Clean and de-grease your bullet mould
with a good solvent.
An aerosol cleaner/degreaser such as Gun Scrubber from
Birchwood Casey or an automotive brake and parts cleaner will work
well. Completely remove all traces of oil or grease.
Bullet moulds require adequate
lubrication. Use a good mould prep or mould release
containing graphite completely covering the mould inside and out,
especially the cavity, and the top and bottom spree plates.
Lubricate the hinge of the sprue plates using a small amount of
paraffin wax as you cast. Just a light touch of wax is all
it takes. The use of mould prep (release agent) and wax lube
in the single greatest asset in keeping your mould working
correctly, without galling, and completely free of of any build-up
of lead deposits. An aerosol Moly lube also works well.
The bullet mould must be hot enough to
prevent immediate solidification of the molten alloy.
The bullet mould must keep the sprue molten for 1 to 2 seconds.
This allows the alloy to completely fill the bullet cavity,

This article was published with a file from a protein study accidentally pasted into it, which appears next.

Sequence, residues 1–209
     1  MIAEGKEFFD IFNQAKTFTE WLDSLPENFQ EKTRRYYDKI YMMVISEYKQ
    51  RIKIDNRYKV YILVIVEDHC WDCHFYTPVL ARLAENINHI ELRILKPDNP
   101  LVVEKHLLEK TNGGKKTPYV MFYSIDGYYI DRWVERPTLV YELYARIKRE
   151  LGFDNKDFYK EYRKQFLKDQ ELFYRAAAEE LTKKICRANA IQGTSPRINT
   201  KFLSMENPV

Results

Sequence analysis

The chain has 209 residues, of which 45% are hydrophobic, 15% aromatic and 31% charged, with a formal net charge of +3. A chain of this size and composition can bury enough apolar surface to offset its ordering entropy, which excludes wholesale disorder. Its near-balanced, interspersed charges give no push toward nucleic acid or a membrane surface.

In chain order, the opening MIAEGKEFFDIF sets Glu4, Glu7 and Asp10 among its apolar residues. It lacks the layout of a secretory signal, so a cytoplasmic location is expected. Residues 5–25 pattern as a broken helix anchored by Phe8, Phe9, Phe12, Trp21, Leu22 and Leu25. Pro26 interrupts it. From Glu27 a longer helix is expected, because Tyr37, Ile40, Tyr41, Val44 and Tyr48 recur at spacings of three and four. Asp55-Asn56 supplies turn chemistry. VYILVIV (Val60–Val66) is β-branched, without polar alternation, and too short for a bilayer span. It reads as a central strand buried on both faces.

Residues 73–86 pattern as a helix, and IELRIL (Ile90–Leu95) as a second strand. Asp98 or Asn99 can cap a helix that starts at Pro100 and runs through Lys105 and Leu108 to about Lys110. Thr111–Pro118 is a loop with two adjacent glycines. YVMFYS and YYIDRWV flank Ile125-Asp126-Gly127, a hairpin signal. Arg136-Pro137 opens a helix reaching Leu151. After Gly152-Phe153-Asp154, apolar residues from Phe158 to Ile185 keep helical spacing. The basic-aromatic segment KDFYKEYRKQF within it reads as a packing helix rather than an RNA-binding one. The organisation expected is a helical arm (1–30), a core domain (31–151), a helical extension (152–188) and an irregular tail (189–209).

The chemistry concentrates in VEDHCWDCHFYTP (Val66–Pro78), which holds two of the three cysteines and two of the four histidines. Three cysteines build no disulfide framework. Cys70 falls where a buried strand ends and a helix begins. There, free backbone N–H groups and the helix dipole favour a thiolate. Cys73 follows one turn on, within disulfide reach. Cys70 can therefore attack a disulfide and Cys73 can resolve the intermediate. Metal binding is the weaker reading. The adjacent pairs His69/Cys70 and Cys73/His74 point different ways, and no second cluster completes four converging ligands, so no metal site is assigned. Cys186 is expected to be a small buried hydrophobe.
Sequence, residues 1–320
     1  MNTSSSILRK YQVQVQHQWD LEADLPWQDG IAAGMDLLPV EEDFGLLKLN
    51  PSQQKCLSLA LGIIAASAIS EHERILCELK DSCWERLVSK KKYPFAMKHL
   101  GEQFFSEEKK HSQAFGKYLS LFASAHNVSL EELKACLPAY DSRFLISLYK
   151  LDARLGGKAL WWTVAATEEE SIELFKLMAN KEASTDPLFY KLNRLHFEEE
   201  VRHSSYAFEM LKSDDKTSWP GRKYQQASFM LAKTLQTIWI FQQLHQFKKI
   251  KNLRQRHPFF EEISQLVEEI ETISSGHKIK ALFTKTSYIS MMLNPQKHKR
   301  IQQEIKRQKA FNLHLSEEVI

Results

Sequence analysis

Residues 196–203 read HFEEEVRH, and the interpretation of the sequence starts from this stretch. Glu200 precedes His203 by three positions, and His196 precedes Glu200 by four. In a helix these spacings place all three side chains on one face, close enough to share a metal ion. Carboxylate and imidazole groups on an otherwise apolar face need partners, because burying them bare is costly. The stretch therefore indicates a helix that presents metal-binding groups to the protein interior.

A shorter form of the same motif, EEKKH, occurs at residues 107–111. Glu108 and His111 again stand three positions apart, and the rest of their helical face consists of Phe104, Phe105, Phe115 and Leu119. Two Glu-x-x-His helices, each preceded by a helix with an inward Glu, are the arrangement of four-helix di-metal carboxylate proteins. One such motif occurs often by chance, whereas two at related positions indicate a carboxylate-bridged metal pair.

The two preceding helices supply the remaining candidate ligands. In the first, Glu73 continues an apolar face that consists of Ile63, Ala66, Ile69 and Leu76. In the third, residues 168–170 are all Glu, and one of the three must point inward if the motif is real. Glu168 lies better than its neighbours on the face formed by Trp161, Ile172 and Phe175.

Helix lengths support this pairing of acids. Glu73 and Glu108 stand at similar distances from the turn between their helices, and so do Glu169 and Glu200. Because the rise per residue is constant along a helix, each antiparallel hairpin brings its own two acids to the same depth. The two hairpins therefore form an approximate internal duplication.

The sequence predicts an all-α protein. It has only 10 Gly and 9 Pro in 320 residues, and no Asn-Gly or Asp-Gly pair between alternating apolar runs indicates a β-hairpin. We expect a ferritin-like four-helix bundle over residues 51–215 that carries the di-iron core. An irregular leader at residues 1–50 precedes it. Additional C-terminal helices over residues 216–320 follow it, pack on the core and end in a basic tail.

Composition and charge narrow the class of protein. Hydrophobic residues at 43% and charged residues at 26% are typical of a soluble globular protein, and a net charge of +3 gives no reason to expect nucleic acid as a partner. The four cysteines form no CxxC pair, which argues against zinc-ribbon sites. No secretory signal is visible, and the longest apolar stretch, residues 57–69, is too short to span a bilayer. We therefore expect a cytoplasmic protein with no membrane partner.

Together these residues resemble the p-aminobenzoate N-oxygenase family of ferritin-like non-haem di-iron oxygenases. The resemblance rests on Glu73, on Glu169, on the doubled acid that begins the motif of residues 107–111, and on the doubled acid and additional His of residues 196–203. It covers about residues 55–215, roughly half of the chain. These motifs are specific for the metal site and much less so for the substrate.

consistently from bullet to bullet.
The alloy must be hot enough to flow well.
A hot alloy will flow better than a cold alloy. This usually
requires 700 to 800 degrees Fahrenheit for most alloys used for
The alloy must be fluxed often and
regularly to keep oxidized alloy to a minimum.
The use of paraffin wax as a flux every 20 to 40 bullets will keep
the alloy clean and flowing well.
All bullet moulds are designed as gravity
- fill moulds.
For best results, fill the mould using a large capacity dipper
such as made by RCBS.
In summary, the factors that contribute to
casting high quality bullets consistently over a period of time
are as follows:
THE ALLOY MUST BE HOT ENOUGH AND CLEAN AND
FREE OF IMPURITIES
THE MOULD MUST BE HOT ENOUGH, AND UNIFORMLY
THE MOULD MUST BE PROPERLY LUBRICATED